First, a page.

Favor Your Most Popular Types of Content

    This is another strategy you should already be using, but it’s more important than ever to sustain it. Use Facebook analytics to track exactly which types of posts tend to attract the most attention in terms of likes, shares, and comments. Facebook is likely to emphasize the importance of your posts if you attract a high number of interactions—this is one of the ways the social platform measure the relative “quality” of a post. If you can figure out which types of content are the most popular with your users, such as content focused on a specific topic, you can post more of that type and attract more interactions, thereby getting greater Facebook authority and news feed visibility.

    Give Ads a Shot

    If your standard Facebook-based content marketing strategy starts to fail and you still want to capture a greater share of Facebook users, try using Facebook ads. They’re relatively inexpensive, with options as low as $5 per day, and you can use them on a trial basis to see whether they’re worth it for your brand. They’re also easy to create and manage, so you’ll quickly learn whether your ads are doing a good job of attracting new likes and site visitors. Since Facebook likes to make money (and we can’t blame them), it’s likely that organic news feed visibility will continue to drop in favor of paid ad space. It may or may not be worth it, depending on your audience and budget.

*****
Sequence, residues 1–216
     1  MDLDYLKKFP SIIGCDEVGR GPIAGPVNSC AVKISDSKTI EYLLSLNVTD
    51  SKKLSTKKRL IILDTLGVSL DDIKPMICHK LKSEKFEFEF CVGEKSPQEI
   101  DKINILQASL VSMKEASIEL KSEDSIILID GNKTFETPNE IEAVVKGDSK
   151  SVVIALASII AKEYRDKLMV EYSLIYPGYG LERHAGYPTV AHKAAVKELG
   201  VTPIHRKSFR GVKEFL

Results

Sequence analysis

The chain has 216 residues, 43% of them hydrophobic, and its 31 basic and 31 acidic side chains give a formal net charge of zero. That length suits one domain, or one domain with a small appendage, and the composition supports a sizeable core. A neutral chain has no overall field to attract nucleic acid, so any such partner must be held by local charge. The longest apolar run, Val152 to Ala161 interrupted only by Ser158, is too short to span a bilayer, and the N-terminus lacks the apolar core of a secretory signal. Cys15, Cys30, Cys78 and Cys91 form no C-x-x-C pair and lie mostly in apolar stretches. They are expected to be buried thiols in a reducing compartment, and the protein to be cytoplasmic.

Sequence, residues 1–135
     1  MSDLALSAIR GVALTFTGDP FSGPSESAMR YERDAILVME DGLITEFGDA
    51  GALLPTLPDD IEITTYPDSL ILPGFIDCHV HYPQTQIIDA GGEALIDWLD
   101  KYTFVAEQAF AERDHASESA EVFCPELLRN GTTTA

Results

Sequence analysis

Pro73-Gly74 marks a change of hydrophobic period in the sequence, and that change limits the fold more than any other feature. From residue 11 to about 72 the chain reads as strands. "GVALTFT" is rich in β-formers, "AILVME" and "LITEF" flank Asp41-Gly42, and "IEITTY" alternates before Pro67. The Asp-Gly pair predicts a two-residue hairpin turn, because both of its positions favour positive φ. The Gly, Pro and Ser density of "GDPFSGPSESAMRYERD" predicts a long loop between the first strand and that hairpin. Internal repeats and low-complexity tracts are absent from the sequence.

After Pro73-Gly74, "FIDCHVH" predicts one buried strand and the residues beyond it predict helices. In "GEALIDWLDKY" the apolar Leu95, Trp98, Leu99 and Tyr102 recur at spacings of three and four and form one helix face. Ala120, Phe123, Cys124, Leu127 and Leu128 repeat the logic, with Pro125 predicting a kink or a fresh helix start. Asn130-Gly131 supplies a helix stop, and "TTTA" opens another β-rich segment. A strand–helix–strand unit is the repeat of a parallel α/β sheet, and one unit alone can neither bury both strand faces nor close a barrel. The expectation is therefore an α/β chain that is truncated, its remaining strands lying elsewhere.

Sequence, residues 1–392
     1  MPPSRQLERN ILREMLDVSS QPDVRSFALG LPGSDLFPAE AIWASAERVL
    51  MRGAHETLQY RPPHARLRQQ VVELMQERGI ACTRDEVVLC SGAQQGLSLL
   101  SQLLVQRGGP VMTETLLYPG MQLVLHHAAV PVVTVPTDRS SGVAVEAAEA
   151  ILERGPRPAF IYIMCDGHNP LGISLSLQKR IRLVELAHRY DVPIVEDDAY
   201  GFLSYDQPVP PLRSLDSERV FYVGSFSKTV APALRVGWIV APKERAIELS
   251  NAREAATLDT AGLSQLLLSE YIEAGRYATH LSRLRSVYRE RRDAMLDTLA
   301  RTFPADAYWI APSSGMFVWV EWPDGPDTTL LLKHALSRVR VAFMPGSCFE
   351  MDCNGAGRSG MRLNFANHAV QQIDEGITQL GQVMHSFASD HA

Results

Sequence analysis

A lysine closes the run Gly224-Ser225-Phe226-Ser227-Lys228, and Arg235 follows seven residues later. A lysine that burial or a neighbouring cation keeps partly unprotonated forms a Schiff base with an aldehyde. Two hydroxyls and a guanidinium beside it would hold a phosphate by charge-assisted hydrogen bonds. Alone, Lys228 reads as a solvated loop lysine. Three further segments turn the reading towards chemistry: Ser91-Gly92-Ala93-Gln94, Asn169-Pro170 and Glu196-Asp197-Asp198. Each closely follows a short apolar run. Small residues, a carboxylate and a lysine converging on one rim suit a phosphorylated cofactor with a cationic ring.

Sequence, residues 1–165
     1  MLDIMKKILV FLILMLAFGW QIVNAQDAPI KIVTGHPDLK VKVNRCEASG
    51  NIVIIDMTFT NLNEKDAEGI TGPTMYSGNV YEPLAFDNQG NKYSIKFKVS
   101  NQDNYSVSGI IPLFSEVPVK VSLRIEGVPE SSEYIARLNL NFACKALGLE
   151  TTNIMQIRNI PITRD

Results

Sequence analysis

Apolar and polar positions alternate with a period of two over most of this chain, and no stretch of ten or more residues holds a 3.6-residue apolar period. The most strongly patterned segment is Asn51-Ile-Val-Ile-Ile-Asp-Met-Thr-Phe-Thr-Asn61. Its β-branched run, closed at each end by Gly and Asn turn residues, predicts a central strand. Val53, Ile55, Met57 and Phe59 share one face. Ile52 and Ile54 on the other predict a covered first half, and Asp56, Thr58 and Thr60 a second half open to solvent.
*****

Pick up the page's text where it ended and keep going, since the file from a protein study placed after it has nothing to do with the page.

Experiment with Other Social Networks

    Facebook isn’t the only social option for your brand; there are countless other opportunities, some of which are likely more important for your target demographics. Integrate your other social media profiles, such as Vine or Twitter, with Facebook to double your reach without necessitating an independent posting strategy. Or, start moving your efforts away from Facebook altogether in favor of social platforms that allow you greater visibility and more targeted interactions.